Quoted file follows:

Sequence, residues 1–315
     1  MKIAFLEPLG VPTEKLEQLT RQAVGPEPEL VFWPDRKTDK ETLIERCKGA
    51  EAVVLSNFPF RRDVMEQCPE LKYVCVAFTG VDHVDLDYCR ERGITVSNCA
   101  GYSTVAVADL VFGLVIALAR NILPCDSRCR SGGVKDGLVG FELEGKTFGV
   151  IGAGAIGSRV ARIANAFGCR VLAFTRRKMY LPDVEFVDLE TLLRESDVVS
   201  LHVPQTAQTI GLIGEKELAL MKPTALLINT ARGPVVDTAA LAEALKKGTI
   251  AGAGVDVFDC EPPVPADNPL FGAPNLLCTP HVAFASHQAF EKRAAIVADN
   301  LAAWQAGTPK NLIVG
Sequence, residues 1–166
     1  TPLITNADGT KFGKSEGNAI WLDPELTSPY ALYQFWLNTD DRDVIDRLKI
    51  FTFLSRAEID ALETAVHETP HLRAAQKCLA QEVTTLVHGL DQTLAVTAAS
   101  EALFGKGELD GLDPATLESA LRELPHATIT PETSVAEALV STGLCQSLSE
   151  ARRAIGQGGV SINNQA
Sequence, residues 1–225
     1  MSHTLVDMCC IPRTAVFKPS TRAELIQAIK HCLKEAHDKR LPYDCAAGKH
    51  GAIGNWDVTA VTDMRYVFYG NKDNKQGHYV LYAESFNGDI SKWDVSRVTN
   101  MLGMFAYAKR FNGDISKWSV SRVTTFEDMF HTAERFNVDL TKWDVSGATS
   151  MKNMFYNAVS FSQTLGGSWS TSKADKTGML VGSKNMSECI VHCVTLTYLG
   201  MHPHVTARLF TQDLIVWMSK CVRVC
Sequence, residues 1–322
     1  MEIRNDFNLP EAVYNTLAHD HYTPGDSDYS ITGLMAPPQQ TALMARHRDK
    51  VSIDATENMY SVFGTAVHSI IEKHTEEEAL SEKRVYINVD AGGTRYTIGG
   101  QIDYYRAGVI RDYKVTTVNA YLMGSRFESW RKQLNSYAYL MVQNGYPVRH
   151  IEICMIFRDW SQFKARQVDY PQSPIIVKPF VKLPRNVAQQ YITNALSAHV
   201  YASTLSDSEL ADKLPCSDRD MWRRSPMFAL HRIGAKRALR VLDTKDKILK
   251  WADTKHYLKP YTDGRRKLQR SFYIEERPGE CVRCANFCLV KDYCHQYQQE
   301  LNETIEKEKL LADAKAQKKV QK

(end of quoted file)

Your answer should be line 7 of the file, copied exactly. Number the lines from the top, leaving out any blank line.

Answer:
   251  AGAGVDVFDC EPPVPADNPL FGAPNLLCTP HVAFASHQAF EKRAAIVADN